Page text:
So did it increase or decrease your well-being? 😉

    1. looks like it ought to be illegal

      No kidding! I wonder if the photo makes the cheesecake lollipops look larger than they really are. And good question: “Is having dessert moral?” 😉

    2. Looks like that swath of foliage was hacked off just for decoration…wasn’t Ben arguing recently for not abusing plants? ;- )

  10. I am quite interested in whether any acts indisputably considered moral can be shown to conflict with Sam’s criterion by decreasing well being.

    I suspect that part of the problem is that many ‘moral’ actions are contingent on the society they work within. But why should the morals found in a desert tribe align with the morals of Inuits? Or hunter-gathers morals with those of post-industrial service economies?

    The only one that comes to mind ‘locally’ is where many people believe that it is moral to abolish the death penalty for murder. If the convicted murderer goes on to kill again (as a number do) presumably this reduces the well being of his/her victim, society in general, and even the killer?

    1. Not if the convicted murderer is prevented from going on to kill again by the fact that he is serving a life sentence, which, by the way, is cheaper (at least in America) then sending someone to death row. So abolishing the death penalty not only has the traditional “moral” benefits, but it also increases well-being by freeing up government resources to spend on other programs.

  11. It’s an interesting discussion, but I think Jerry’s point about post-hoc “false morality” is terminal to the attempt to find an “indisputably moral” act that “decreases well-being”. If an act can be shown to to decrease well-being, then it will not (can not) be “indisputably moral” – Sam Harris, for one, will dispute it.

    1. That said, I think examples like the gift for Sam’s daughter come the closest. For example, if you take Peter Singer’s position (I think I’m accurately attributing this to him)that it is moral to donate money to starving third world residents all the way up until the point when giving one more dollar will hurt the donor more than it helps the donee, then essentially EVERYTHING we do is immoral (because it decreases total human well-being) – enjoying a glass of wine with friends, giving a gift to a child, buying a new car, donating to the local symphony, paying for basic cable, and, certainly, paying $50 for a steak.

      I don’t know that I agree with him (partly, to be sure, because I’m too greedy), and I know that this is well-plowed ground, but this perspective seems most likely to demonstrate that things we think are “moral” actually decrease human well-being.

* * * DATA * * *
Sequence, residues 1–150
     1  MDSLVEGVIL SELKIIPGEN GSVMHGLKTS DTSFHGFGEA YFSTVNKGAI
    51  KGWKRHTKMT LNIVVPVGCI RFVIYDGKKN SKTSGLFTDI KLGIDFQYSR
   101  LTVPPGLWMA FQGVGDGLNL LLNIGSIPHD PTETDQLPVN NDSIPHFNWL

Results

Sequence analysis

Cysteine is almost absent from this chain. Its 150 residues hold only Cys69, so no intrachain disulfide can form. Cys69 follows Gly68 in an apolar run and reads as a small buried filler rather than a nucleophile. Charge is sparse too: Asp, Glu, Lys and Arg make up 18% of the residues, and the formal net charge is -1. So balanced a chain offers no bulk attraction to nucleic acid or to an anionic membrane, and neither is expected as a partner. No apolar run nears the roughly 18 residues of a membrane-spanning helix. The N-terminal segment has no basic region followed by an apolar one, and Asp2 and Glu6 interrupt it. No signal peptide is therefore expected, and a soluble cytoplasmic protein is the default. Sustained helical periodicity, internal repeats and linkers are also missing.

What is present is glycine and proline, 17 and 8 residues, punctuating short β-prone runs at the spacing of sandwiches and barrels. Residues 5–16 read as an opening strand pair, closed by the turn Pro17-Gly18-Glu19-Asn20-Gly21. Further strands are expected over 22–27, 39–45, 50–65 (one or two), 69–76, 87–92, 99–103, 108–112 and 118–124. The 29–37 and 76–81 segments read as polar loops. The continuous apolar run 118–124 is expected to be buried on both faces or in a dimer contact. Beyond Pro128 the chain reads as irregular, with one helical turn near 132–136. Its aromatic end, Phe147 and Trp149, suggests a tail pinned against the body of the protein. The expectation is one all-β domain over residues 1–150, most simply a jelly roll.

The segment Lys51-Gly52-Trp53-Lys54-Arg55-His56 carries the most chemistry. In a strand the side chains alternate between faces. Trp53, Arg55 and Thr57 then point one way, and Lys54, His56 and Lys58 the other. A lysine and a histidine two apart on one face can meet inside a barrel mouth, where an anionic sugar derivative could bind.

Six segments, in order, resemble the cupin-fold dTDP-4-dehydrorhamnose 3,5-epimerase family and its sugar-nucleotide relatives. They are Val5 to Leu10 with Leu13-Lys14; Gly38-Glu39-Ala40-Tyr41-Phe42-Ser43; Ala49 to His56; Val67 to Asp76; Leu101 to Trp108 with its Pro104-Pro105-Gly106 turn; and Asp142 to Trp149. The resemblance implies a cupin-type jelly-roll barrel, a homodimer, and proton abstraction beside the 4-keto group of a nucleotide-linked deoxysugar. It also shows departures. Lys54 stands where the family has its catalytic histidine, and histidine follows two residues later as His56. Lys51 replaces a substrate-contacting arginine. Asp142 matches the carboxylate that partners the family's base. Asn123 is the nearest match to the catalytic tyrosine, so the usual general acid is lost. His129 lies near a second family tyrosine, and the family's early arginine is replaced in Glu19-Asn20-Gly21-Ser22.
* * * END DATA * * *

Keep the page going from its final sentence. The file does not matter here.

1. Those things kinda are immoral even if to a small degree when people elsewhere are starving and dying from things that could be prevented with even small amounts of money or effort.

        In instances like this morality becomes a spectrum of sorts, is it moral to buy and enjoy a chocolate bar when further up the line children have died harvesting the cocoa to make that chocolate cheap? I eat and love chocolate but it does not feel moral when I think about it.

        1. Is there some satisfactory standard or threshold of nutrition, clothing, shelter, health care, educational opportunity and other essential item which, if satisfied for one, then another should not feel particularly guilty about partaking of a bit of luxury (chocolate, what have you)?

          1. Yes.
            I don’t know what it is though. As for chocolate, I’m afraid I had developed an addiction before I learned of the forced child labor that goes into making it inexpensive. I would gladly pay more for it if was produced in a more ethical manner.

            I would elaborate more but I’m typing on a phone.

      2. The usual response to that sort of problem is that human nature is what it is, and a moral system must work with human nature, rather than making unrealistic demands of it.

        So, for example, you just can’t expect people not to favor themselves and their loved ones when spending their money—if they don’t get an advantage from working hard to make the money, they won’t do the work that needs to be done.

        Like designing a set of laws, figuring out moral obligations requires some attention to what’s workable. It’s reasonable expect moral people to moderate their selfishness, and have some basic concern for the well-being of others, but it’s not reasonable to expect them to be perfect selfless altruists.